Lessons From The Garden

April 3, 1998
by Kathleen Ageton

John 15:1-2 – [Jesus said:] "I am the true vine, and my Father is the gardener. He cuts off every branch in me that bears no fruit, while every branch that does bear fruit he prunes so that it will be even more fruitful."

Roses are the showiest plants in my garden. Their blooms are a delight and their fragrance is like a mysterious gift from God. But roses require attention. If left alone, they may survive, but in most cases they grow in on themselves. The foliage will grow into a dense, tangled mass that produces puny, anaemic flowers. The leaves become moldy and diseased because light and air, the best antidotes to these maladies, cannot freely flow through the rose bush. There may be many little rosebuds, half opened little blossoms, but the gorgeous full flowers that rosebushes are capable of are nowhere to be found. The rosebush, if left alone, has no clear path in which to direct its energies. It is a haphazard, tight bundle that cannot truly produce.

I take out my clippers and begin to cut. Some branches that I cut are full of flower buds. It seems a shame to waste them, but the mold and aphids are eating them alive anyway. I cut off all the dead and discoloured leaves, many of which had never grown to full size. I look for woody branches, branches that have grown hard in the middle and can't seem to draw in moisture and nutrients from the roots of the bush. And then… then the harshest cuts. I cut the very center out of the plant. Some of these branches are thick and tough and especially thorny. These branches are often some of the oldest ones and could be hosts to impressive blooms. But I must remove them to allow room for that vital sunlight and air that will heal my sick plant. I cut little offshoots that will suck nourishment from the plant but will not add to the plant's shape and beauty.

Sometimes there are what appear to be healthy, strong branches, but they cross each other, reaching in opposite directions. They rub against each other, wearing away their protective outer layer and leave an opening vulnerable to disease in each of the two branches. I must cut off one in order to save the other one. I choose to keep the one that is reaching outward, away from the heart of the plant. I cut off and throw away the other. When I am done, the plant looks bald, nude, exposed. It has little to show for itself. There is nothing but a few specific canes, but these canes are healthy and are reaching the right way, from the center outwards. The sun and air can now reach every inch of this plant.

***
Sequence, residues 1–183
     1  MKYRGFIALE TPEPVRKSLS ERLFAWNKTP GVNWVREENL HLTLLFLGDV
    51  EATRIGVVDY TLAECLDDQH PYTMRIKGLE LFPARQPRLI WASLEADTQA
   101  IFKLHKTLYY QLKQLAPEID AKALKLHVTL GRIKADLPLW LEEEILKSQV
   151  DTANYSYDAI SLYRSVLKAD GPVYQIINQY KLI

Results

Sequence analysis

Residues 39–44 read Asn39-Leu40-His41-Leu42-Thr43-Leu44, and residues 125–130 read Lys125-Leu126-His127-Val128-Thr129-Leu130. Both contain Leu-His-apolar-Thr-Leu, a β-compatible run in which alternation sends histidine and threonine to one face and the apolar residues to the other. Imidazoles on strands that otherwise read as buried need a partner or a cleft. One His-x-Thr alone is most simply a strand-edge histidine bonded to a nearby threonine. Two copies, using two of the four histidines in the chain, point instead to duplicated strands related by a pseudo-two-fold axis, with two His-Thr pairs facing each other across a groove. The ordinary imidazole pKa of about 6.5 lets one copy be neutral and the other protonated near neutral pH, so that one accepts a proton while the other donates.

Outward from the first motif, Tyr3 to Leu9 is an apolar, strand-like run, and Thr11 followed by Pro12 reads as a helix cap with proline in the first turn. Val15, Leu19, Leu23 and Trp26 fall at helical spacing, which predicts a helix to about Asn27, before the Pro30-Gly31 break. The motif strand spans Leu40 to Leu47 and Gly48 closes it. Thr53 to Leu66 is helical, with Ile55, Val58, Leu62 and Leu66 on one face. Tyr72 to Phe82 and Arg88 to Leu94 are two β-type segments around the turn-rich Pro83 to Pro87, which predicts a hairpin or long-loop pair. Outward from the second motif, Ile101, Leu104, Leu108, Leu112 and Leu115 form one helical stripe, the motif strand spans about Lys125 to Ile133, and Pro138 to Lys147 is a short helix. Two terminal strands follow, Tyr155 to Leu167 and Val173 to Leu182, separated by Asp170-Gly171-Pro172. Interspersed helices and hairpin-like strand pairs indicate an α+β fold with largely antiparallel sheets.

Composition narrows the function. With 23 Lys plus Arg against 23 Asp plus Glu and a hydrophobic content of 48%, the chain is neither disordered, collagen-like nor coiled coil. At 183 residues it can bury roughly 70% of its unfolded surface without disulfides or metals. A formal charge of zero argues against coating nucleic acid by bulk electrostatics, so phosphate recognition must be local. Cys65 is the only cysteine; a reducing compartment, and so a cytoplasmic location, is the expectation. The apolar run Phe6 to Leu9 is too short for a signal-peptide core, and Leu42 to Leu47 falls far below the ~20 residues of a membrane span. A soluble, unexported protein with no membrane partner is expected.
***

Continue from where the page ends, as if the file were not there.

To the inexperienced eye, this plant looks downright unattractive. But I know that in a short time, in the right season, it will burst forth in glorious bloom, shouting beauty to all passers-by.

Our lives are like rosebushes. At times the Master Gardener may cut out our very center, what we think is our heart, but which is actually our self-centeredness. We may ask ourselves, "What is He doing? He's making a mistake! Look, look at these buds, these good works. How can He be tossing away all my efforts? Please," we cry out, "not that branch, not that area of my life; don't take that. That is a very thick branch. It grows from my center and has been part of my life always. Okay, that's enough now, you can stop. I mean it; you've taken enough." And finally, "Oh, my lovely appearance is being cut away. I give up. I surrender."

It may take a long time to accept what the Gardener is doing. Sometimes we understand why a particular branch is taken and sometimes we don't. We must trust that our Gardener knows what He's doing. He cuts because he wants the best for us and will not be satisfied with a puny, anaemic, bug-eaten Christian. He has made us to bloom, and He knows what kind of blooms He can produce in us.

Prayer: With the light of the Son and the air of the Spirit flowing through every inch of us, Father, bless us to grow in the direction You have had planned all along. Oh Master Gardener, prune us fully, so that, as we really trust You, the branches of our life may burst into fabulous bloom, and become heavy with blossoms that are healthy and strong and a blessing to all. In Jesus' name we pray. Amen.

About the author:

Kathleen Ageton <katbabc@hotmail.com>
Wailuku, Hawaii, USA

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